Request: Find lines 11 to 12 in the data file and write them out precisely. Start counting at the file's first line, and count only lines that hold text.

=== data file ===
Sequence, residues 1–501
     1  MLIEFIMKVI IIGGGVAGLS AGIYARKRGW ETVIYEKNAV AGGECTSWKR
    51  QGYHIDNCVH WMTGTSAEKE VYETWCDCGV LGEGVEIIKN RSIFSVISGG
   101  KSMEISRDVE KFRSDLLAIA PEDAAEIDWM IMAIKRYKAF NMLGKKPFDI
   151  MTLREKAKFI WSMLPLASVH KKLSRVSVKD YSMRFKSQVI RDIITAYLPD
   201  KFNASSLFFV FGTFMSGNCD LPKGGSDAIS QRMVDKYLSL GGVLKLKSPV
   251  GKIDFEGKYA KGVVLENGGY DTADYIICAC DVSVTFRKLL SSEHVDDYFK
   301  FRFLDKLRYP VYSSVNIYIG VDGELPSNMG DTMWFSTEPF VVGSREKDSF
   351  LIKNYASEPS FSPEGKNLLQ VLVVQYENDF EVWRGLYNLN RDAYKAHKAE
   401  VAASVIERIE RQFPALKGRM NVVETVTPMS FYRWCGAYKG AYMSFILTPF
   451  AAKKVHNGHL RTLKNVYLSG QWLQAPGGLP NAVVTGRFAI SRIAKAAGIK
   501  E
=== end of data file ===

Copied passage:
   451  AAKKVHNGHL RTLKNVYLSG QWLQAPGGLP NAVVTGRFAI SRIAKAAGIK
   501  E